Let's say I have one polygon layer counties with the polygons of administrative borders and another layer postal codes with the polygons of postal code areas.

I have some statistical values per polygon for both, let's say the population per county and the number of people who read Magazine X per postal code.

Both datasets have the same total coverage, they are always overlapping but the boundaries of the polygons inside are very different.

What options are there to combine values here? For example if I would like to calculate the number of people in county Y who read Magazine X? I know this is a hard problem, especially because in the example I chose population in reality is not uniformly distributed in a county nor a postal code area. Still, surely there are some existing techniques?

I am looking for general terms and ideas behind techniques or algorithms, not specific tools in software.


2 Answers 2


In your example, the population value of the county is irrelevant to the question (it would have to be something like percentage of people in county Y who read Magazine X). The county borders simply serve as boundaries for aggregating the zip code values. However, if the issue is that zip code polys cross the boundary of a county and you only want the portion of the zip in the county, you need to first apportion (opposite of aggregation) the zip data and then aggregate it by county.

It appears you're familiar with aggregation, or the combination of smaller units of data into larger units. The opposite is know as apportioning, or allocating some part of an attribute value of a whole shape to the individual parts created when that shape is split up in some manner. Overlay operations, such as intersect or union, can split up your two layers so that you have non-overlapping polygons with boundaries of the areas each has in common. However, by themselves those tools typically don't account for attribute values. Either a processing environment setting can control it, or you have to do manual calculations.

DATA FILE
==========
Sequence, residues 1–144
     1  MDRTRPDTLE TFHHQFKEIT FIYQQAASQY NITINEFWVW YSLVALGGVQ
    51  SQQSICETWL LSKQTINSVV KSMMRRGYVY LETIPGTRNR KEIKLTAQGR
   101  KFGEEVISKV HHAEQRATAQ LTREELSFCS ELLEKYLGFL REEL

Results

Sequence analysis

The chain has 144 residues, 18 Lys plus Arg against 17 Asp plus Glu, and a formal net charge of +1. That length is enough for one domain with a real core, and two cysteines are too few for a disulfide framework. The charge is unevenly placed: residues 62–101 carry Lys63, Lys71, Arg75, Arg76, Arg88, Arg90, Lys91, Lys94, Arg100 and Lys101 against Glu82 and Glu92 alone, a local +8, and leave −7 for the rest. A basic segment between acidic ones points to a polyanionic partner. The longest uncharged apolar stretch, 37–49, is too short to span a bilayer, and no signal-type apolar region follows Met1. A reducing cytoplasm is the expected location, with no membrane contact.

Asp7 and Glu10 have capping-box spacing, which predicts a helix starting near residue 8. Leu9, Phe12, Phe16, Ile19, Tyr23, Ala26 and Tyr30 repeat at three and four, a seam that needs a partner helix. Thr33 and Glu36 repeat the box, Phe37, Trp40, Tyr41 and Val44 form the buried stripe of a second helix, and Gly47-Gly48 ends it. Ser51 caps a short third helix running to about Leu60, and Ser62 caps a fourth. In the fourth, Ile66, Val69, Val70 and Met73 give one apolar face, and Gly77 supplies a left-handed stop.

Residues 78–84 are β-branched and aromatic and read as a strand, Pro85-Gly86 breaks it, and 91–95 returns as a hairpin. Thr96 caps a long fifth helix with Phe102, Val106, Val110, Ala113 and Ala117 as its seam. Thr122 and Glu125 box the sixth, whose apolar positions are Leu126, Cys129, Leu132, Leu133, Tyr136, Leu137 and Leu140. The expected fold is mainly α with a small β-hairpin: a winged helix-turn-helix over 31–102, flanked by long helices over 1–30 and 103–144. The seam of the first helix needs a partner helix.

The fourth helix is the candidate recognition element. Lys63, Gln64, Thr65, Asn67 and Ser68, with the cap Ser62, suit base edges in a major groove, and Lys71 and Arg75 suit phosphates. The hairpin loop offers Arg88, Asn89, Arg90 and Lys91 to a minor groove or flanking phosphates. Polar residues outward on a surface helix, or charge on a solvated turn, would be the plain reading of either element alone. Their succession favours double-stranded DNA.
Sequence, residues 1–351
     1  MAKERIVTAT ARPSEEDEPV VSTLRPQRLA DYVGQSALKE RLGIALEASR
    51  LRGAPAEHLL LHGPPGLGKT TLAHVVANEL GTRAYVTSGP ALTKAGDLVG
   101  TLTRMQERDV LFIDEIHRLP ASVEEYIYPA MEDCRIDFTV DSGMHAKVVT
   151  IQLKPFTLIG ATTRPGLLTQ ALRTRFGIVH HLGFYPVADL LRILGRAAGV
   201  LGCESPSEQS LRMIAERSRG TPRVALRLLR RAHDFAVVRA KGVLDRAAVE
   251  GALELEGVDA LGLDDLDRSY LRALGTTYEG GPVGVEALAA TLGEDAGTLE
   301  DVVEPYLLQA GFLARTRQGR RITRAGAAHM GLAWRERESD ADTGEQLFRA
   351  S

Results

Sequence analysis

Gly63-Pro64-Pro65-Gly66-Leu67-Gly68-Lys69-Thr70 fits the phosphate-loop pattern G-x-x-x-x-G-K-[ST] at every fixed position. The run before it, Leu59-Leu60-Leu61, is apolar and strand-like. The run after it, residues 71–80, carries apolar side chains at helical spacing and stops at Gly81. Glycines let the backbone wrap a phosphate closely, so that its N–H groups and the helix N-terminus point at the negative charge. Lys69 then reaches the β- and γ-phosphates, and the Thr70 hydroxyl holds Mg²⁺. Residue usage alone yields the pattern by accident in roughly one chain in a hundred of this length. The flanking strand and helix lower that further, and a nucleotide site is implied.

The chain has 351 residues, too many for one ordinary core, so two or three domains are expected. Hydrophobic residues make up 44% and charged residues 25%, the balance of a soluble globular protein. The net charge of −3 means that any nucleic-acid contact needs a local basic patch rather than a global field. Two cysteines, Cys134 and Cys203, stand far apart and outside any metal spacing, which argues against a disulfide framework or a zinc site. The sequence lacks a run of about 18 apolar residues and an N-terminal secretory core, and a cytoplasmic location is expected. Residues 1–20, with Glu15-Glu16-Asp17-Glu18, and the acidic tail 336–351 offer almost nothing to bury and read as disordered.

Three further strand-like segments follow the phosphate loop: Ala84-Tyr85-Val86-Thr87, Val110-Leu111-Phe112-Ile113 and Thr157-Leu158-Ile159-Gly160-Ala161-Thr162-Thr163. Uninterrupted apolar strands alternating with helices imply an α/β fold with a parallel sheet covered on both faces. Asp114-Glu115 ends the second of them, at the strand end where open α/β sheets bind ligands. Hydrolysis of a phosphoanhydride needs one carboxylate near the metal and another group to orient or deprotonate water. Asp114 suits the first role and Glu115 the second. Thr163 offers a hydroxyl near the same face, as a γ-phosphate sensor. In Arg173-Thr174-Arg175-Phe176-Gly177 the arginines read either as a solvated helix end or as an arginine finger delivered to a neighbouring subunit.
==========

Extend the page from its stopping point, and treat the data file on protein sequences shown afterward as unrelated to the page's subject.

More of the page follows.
The most common method of apportioning is by area (aka area weighting). You determine the percentage of the area of the smaller pieces to the total area of the original feature. Then you multiply those percentages (which should total 100) by the original value, which gives you the new value for each piece. As you mention, this method is limited in that it assumes a uniform distribution of the value throughout the original shape.

There are other methods. Esri has a presentation in pdf form that outlines a couple using their ArcGIS software. Specifically mask area weighting and filtered area weighting; both of which require a third ancillary dataset to give additional criteria on how to split the value up. The general concepts in those methods could apply to any software. For instance they use the term Ratio Policy within the software and documentation, but the general concept is 'in what ratio should this value be split up as the feature is'.


Spatial apportioning relies on the assumption that the variable of interest is evenly distributed across the polygon. If that's not the case, then you need some way to weight the apportionment besides coincident area. My typical go-to is to 'dice' the polygon using intersect+symmetric difference, so I get a single layer that matches the boundaries of both my input layers. I'll often convert that layer to points, to check things are going where I want them to. Then I apportion data from Polygon A to points, and then join points to Polygon B.

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